“We sold out the first day,” Daron Hall said. “Didn’t have a crumb of anything left.” So the brothers realized what they had to do.
“Not really surprised,” Daron said, “it just became clear what people wanted to eat on Sundays.”
The brothers started cooking more food to keep up with the demand.
Little Rock City Director and Trio’s owner Capi Peck often reminds people to go visit Soul Food Sunday on her Facebook page.
“Nothing makes me happier than Hall brothers Soul Food Sunday,” Peck said. “You’ll most likely see me there every single time. People laugh that I buy so much food for a family of two, but we feast all day Sunday, lunch and dinner, on the best soul food in town.”
The menu varies some, but you’re likely to find country fried wings (try them with Sweet Stella sauce), catfish, pork chops, pork roast, spaghetti with beef and sides such as mac and cheese, greens, candied yams, purple hull peas and cabbage. Desserts from K. Hall are also on the menu. One plate featuring a meat and two veggies is around $12, and is enough for two meals.
Hall Sr. said he and his wife are proud that their sons want to continue the family tradition of cooking.
“They’ve become pretty good at it,” Hall Sr. said.
The Hall brothers also serve food at private events. What’s the wildest event they ever catered?
“Wild game dinners,” Daron Hall said. “It’s always a hit. It’s a fundraiser my high school alumni association throws and invites people to bring the wildest game. We have done smothered rabbit and barbecue raccoon with sweet potatoes.” Daron said people initially recoil at the thought of eating racoon.
“Then they try it and they say, ‘Man, that’s so good.’ My dad cooks it and it tastes like barbecue brisket.”
The Hall brothers also have a line of “Bro-made” lemonades available in the store featuring flavors like Blue Magic, Watermelon Lemonade, Bro-Made Greenade and Purple Reign Grapeade.
Years before Soul Food Sunday began, K. Hall established itself as a Little Rock seafood destination with its weekly Seafood Saturday boils, which began with seasonal crawfish. Hall said that on one of the last Saturdays of a season, he had some shrimp a friend brought from Louisiana.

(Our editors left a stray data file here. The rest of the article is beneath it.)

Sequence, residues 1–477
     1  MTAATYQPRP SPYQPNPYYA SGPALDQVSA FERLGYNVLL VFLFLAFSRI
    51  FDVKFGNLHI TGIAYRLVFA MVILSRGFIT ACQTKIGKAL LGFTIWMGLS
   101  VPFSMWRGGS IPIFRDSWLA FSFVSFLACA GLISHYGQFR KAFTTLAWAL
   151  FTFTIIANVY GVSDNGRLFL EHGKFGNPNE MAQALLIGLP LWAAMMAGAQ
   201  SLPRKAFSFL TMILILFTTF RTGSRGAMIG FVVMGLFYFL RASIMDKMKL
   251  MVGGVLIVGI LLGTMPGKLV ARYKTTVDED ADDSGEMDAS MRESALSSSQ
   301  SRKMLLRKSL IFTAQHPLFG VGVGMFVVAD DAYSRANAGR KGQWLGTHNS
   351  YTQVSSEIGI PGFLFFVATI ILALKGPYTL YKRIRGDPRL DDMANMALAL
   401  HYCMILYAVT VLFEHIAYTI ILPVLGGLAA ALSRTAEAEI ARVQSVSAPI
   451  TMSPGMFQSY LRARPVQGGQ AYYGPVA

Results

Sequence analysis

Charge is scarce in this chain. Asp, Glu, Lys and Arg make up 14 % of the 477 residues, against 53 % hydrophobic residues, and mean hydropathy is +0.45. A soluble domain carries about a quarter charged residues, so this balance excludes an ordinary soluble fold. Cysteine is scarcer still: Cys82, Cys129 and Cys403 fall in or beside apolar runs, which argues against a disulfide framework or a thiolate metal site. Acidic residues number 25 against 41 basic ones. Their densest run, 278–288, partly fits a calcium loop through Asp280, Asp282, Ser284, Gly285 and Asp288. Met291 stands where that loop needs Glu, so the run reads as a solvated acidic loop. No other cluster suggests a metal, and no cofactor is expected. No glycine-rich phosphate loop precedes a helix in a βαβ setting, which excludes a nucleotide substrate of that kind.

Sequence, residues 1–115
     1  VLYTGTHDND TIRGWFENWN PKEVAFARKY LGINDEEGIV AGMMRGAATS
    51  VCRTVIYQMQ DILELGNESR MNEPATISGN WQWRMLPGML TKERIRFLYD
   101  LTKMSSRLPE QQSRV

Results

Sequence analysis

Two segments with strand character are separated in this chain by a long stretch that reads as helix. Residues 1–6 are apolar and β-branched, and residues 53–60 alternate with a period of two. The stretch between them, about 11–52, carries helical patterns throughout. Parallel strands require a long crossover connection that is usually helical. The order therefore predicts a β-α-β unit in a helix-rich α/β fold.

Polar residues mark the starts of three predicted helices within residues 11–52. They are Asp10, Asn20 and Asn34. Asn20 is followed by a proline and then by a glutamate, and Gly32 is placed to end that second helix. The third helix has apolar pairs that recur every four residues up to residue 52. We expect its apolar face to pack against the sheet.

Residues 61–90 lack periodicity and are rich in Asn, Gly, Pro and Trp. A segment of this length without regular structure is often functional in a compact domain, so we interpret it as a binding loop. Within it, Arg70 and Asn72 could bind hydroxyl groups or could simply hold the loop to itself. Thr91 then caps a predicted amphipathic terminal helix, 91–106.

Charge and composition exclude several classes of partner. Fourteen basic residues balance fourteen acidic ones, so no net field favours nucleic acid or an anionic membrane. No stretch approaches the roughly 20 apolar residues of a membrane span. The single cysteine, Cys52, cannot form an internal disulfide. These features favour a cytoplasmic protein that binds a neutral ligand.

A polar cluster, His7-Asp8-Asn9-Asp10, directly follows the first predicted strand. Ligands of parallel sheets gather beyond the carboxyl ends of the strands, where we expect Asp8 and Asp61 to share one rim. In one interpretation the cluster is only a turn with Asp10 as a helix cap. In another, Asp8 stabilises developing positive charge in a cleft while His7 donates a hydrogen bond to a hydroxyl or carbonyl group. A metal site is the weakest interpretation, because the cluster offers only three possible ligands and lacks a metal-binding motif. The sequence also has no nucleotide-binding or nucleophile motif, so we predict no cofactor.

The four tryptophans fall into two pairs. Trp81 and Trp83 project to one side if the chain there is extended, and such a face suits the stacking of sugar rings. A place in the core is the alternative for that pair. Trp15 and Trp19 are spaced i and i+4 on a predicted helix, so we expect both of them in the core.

“While we were cooking the crawfish, we were cooking the shrimp for ourselves, not to sell,” he said.
Once again, the community spoke.
“People wanted to buy ’em,” he said.
Shrimp boils led to people asking about crab legs, and that’s how Seafood Saturday came to be what it is today: a year-round Saturday boil featuring shrimp, crab legs, lobster tails, sausage, Cajun turkey necks, corn, potatoes and seasonal crawfish.
Seafood Saturday is known for its long lines, which typically stretched around the building before COVID times. In line you might see Little Rock Mayor Frank Scott Jr., who recently posted a picture of his Seafood Saturday spread to his Instagram page with the hashtag #EatBigLR.
“I love their Seafood Saturday,” Scott said. “K. Hall and Sons is a significant staple in the city of Little Rock and I daresay Arkansas. Mr. David Hall is someone who’s been a family friend for quite some time and is a stellar leader. We’re grateful to their commitment to entrepreneurship and the city of Little Rock.”
If there was a “Best of” for business social media, K. Hall would certainly have my vote. It’s the kind of social media promotion that can’t be taught. I’ve been following it for a few years now, watching full 6- to 7-minute Seafood Saturday updates on Facebook Live, which Daron Hall typically hosts, taking the viewers around the store, visiting with co-workers and displaying what’s available. Around the boil outside, Devin Hall will often give a hilariously informative crawfish eating tutorial that involves a dance and sprint away from the camera that you have to see for yourself. There’s also the K. Hall & Sons Facebook church announcements featuring the character Hattie Mae, an elderly church-going woman who warns against all kinds of tomfoolery, ending each announcement with the directive: “Now govern yourselves accordingly.” Here’s a church announcement from a snow day:
“I’m gone let y’all young bucks know NOW we have cameras on each side of the building and drones in the air. Let us catch y’all doing donuts in the parking lot this year. This ain’t ‘Fast and Furious.’ My God.”
You get the sense, watching the videos and visiting the store, that even though the Halls are working, they’re having a good time with each other and the community.
“We just try to entertain, man, keep people wanting to come in,” Daron Hall said. “We’re a family business, and with everything going on, we just want to be a place where people can come in, have a good time and eat good food.”
They’ve succeeded at that. In addition to collecting many community awards over the years, K. Hall & Sons was inducted into the Arkansas Black Hall of Fame in 2016. Asked about his proudest accomplishment, Hall Sr. mentioned the Hall of Fame induction but said he’s especially proud to be part of the community he serves every day.
“It makes you feel proud when you have people come in and tell you they appreciate you being here. That’s always good.”